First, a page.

Too Busy To Fundraise
Too Busy To Fundraise, a blog from Janet Levine Consulting, offers insights and information on fundraising, marketing and communications for every one who needs to raise funds for a nonprofit organization.
For over thirty years, Janet Levine has served the nonprofit sector, helping organizations to increase their fundraising capacity and create stronger boards. Starting in 1988 as Director of Corporate Relations for USC’s Engineering School, Janet worked as a front line fundraiser, ultimately becoming VP of Advancement at a public university. In 2007, Janet opened her consulting business. Her many clients have ranged from large to small, representing all areas of the sector. Janet Levine Consulting prides itself on taking nonprofits “from mired to inspired,” better able to fulfill their missions.
In addition to her consulting and coaching practice, Janet is a much sought after presenter at conferences, a regular trainer for such organizations as the Center for Nonprofit Management, Academy Go, and the The Nonprofit Partnership. She teaches three online classes for Ed2Go and has been on the faculty at UCLA’s fundraising certificate program.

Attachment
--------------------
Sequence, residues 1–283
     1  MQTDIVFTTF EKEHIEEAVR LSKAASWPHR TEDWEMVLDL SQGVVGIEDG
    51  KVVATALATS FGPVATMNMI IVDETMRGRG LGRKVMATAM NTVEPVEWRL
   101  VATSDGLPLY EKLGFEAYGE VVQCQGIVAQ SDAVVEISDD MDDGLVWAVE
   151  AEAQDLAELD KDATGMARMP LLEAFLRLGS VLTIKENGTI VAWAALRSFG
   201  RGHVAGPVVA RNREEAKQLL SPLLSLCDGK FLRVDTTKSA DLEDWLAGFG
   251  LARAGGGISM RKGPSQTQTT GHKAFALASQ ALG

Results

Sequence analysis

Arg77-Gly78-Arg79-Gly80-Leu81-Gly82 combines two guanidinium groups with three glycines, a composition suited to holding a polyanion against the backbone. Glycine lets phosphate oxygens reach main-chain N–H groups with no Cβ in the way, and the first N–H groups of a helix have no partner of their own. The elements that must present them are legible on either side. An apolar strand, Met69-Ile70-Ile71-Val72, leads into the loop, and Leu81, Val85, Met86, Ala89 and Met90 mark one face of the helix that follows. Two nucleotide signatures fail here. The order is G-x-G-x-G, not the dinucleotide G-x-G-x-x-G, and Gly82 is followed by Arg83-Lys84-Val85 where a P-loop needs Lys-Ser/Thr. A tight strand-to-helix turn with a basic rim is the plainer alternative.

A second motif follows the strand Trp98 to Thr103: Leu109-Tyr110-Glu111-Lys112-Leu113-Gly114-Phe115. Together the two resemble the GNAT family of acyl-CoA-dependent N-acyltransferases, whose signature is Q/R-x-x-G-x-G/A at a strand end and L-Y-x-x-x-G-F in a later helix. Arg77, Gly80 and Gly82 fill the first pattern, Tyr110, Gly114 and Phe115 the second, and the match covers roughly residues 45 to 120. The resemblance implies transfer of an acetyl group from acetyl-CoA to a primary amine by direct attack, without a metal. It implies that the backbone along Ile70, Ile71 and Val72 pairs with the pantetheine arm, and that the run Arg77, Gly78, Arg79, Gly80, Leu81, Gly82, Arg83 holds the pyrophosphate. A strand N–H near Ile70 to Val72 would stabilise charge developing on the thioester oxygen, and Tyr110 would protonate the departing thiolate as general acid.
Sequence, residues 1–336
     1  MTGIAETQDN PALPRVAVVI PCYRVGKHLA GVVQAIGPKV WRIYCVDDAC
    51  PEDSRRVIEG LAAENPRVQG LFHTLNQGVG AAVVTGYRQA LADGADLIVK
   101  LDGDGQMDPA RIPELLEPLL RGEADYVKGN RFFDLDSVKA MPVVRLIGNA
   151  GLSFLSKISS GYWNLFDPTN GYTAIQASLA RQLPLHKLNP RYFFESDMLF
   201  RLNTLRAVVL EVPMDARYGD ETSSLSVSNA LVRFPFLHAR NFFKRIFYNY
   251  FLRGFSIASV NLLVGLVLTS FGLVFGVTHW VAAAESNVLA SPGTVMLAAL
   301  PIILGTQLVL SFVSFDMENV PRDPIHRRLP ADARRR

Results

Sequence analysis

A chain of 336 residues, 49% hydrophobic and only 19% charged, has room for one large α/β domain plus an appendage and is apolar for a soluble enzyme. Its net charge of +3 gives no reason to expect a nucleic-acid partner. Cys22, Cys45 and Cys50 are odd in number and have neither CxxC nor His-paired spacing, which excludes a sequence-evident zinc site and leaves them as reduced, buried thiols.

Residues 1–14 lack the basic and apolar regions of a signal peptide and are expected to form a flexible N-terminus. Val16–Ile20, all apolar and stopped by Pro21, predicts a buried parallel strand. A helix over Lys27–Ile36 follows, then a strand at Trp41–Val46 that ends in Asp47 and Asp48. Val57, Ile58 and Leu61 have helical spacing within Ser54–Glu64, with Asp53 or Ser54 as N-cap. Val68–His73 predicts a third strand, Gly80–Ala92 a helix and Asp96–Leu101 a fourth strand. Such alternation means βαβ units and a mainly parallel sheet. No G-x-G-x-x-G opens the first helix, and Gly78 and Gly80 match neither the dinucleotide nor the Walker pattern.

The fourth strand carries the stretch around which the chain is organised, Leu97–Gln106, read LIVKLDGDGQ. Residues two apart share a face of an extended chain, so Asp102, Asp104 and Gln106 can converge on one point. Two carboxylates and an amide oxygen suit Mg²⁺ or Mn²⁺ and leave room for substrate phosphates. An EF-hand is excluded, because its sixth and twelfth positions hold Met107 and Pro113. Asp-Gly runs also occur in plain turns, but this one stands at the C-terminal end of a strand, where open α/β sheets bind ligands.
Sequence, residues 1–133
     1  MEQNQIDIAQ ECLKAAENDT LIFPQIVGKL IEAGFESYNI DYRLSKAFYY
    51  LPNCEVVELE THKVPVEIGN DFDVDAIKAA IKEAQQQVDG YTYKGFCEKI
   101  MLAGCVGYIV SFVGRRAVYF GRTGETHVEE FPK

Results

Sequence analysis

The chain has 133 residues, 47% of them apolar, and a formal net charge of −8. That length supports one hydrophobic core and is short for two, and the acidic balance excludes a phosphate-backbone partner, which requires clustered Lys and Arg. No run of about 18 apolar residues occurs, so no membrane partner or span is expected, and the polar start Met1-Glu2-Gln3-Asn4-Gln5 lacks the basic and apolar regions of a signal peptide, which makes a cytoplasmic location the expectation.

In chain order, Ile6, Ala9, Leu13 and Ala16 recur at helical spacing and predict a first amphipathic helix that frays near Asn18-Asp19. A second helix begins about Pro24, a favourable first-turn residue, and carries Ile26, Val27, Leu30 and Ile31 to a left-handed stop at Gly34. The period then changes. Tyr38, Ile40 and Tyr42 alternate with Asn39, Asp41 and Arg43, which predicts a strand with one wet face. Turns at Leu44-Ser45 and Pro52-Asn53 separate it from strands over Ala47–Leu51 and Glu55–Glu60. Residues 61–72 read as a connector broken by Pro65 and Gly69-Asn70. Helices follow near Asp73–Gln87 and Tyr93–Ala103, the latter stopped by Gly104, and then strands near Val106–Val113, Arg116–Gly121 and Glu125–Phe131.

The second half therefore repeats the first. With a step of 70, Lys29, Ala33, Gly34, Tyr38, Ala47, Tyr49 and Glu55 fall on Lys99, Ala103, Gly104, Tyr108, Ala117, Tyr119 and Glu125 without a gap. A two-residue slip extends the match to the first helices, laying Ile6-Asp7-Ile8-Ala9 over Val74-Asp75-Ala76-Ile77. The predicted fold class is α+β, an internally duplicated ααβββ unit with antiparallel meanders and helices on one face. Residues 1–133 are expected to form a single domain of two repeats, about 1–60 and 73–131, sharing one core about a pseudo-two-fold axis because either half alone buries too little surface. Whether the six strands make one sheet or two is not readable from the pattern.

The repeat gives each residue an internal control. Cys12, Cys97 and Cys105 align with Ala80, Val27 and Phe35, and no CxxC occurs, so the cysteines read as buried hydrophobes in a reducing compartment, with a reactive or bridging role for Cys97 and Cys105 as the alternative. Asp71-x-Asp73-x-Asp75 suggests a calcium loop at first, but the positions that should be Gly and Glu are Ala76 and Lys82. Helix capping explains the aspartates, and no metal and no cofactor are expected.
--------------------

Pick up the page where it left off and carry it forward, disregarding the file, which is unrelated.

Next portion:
Tag Archives: communications
You know this. Fundraising is not simply holding out your hand and asking for money. It’s not about telling someone (or some funder) about all your programs and how much you really need their support. It is about building relationships, … Continue reading
A confession. I no longer open direct mail. But this was from a place where I had been the Executive Director—although many years ago—and I was curious what they were up to. Alas, not much. They still had “a fabulous … Continue reading
Arms length. It’s the worst way to connect with a prospective donor. Direct mail–when sending to a list that is at least warm–only gets about a 4% positive response rate. Email solicitations tend to be even lower. And newsletters, lower … Continue reading
When I first began facilitating trainings, my audience–like me–were mostly boomers. Learning, we believed, came from lectures given by experts. And, I confess, I loved being the expert. At first I followed the time honored procedure: lecture then time for … Continue reading